Carpe Noctem !

Posted by James Bell on June 12, 2008 in Blog tagged with

Carpe Noctem ! A Celebration of Tanz der Vampire


by James Bell





“So I bless you with my curse,
And encourage your endeavour.
You’ll be better when you’re worse,
You must die to live forever !”

(‘Gott ist tot’)



Tanz der Vampire (Dance of the Vampires) is the musical adaptation of a cold-blooded Polanski film for which I have never cared. It debuted in Vienna in 1997, and has since been performed successfully across central and eastern Europe. Usually described as a musical, it might be better termed a rock opera, since it is sung-through and uses a system of leitmotifs. The invention of the leitmotif is usually credited to Richard Wagner, so it is wholly appropriate that Jim Steinman, ‘the Wagner of rock’, should have scored this.


The simple plot of Tanz der Vampire is essentially a reworking of Dracula. The doddering vampire-hunter Professor Abronsius and his young assistant Alfred arrive in a remote Transylvanian village; the locals deny the existence of vampires, despite performing a show-stopper about the glories of garlic. But not only is Graf Krolock (whose name obviously recalls Nosferatu, Graf Orlock) real, he has his sights on Sarah, the inn-keeper’s pretty daughter. In a memorable scene, the Count introduces himself through a skylight while Sarah is taking a bath, and descends to invite her to his castle for a ball. This will be the titular ‘dance of the vampires’, which provides the show’s electrifying climax.

Not only Sarah but also Alfred must choose their path: the seductive Count offers himself to each as lover and mentor, respectively. The first act ends with one the best songs, in which von Krolock tells Alfred to follow his heart and stop relying on ‘a senile fool’:


Stay with me and you’ll know love
I’ll heal you of your false ambitions
Leave your boring life behind
Believe in your wildest visions



Harking back to Frank Langella’s Dracula and Anne Rice’s Lestat, these vampires are undeniably evil, yet also charismatic and elegant. They’re a positive breath of fresh air after all the depressed, wimpy bloodsuckers that have plagued popular culture for so long.

Appropriately for Germanic vampires, they seem to have a thing for Nietzsche: there is an entire song titled ‘Gott ist tot’, for instance. Sarah is told that she will be "better when [she’s] worse", and that she must disregard the social morality inculcated in her: "Everything that they taught you, was nothing but lies ! Everything that they bought you, was nothing but bribes !". Nietzschean also is their obsession with eternal recurrence, a theme of several numbers; and von Krolock’s warning to the Professor that "You must become what you study" paraphrases the famous aphorism about battling monsters.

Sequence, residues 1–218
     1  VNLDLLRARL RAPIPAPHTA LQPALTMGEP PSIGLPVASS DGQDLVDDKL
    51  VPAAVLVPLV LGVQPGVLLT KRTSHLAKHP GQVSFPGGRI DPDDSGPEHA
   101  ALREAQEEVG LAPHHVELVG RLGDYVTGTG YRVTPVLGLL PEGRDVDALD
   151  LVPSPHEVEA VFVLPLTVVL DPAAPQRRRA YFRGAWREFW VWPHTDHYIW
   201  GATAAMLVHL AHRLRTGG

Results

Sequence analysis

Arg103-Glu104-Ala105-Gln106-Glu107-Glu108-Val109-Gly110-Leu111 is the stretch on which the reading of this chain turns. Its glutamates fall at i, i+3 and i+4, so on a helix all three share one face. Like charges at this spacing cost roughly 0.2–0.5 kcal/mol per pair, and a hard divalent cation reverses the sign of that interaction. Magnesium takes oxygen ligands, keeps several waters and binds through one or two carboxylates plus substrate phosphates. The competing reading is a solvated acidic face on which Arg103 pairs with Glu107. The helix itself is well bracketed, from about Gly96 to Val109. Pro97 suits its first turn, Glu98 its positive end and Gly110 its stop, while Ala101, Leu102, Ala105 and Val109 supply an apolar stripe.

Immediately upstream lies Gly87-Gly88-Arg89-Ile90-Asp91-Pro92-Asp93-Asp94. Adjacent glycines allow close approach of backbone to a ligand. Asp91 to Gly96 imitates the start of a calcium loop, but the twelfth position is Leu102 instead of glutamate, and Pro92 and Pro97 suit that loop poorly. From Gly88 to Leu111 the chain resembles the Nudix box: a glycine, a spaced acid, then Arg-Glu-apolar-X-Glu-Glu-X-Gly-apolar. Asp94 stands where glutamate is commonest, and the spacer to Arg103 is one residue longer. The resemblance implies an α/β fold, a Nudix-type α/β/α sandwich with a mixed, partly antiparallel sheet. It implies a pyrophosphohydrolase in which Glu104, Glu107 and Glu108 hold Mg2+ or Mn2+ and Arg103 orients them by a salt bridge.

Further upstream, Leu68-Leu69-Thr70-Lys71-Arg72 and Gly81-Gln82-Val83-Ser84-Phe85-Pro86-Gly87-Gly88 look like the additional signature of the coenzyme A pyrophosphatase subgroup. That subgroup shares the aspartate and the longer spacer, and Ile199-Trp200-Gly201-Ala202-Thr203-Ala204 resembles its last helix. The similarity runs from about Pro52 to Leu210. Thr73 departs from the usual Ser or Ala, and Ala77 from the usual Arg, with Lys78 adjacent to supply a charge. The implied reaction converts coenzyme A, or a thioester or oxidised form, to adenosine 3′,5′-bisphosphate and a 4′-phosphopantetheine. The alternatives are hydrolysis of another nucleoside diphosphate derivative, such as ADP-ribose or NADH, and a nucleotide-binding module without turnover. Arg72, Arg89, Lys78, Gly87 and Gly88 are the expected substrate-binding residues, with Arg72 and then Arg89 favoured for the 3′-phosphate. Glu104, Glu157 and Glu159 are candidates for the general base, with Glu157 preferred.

Like all truly beautiful things, Tanz der Vampire has a streak of romantic melancholy. The Count, like a Buddha, knows that life is a cycle of suffering, and desires which grow by feeding – yet, as he sings in ‘Die Unstillbare Gier’, he is powerless against his endless appetite.


Tanz ultilises radically divergent musical styles to underline its thematic dichotomies. Professor Abronsius, whose rationalist hubris ultimately unleashes a plague of vampirism upon the world, has songs that could be from Gilbert and Sullivan. The vampires, by contrast, get rock ballads. Comic, inconsequential patter is contrasted with Wagnerian bombast.


The original Count von Krolock was the late, great Steve Barton, who also originated the part of Raoul, Vicomte de Chagny, in Lloyd Webber’s Phantom. There is a certain symmetry there, not least in the fact that when a farcical adaptation of Tanz appeared on Broadway, Krolock was played by none other than Michael Crawford. The appalling ‘Dance of the Vampires’ kept most of the songs but little else from the original. Still, it was heartening to hear Crawford’s evil laugh again, and his voice retained the weird, almost Bowie-like quality which helped make his Phantom so memorable.

Later Krolocks such as Thomas Borchert and Kevin Tarte aren’t bad, exactly, but the problem is the same as with Phantom: however good subsequent leads are, the originator of the role is unsurpassable. For one thing, other Counts typically lack Steve Barton’s huge voice and regal bearing. Indeed, the entire Vienna cast had a charm which later productions generally cannot match, though they are much slicker and often showcase impressive effects.


When I heard the original cast recording of Tanz, I was wildly impressed. I shouldn’t have been surprised, as I have long been a fan of Jim Steinman and the power ballads he penned for Meat Loaf, Bonnie Tyler et al. I have since been moved to track down numerous cast recordings and DVDs of various productions, including some ultra-rare ones with English subtitles. Despite the Broadway debacle of 2002, I have not lost hope that this magnificent work will eventually get the attention and respect it deserves in the Anglophone world.


 By James Bell

 (Below, your author gets into the spirit of things)






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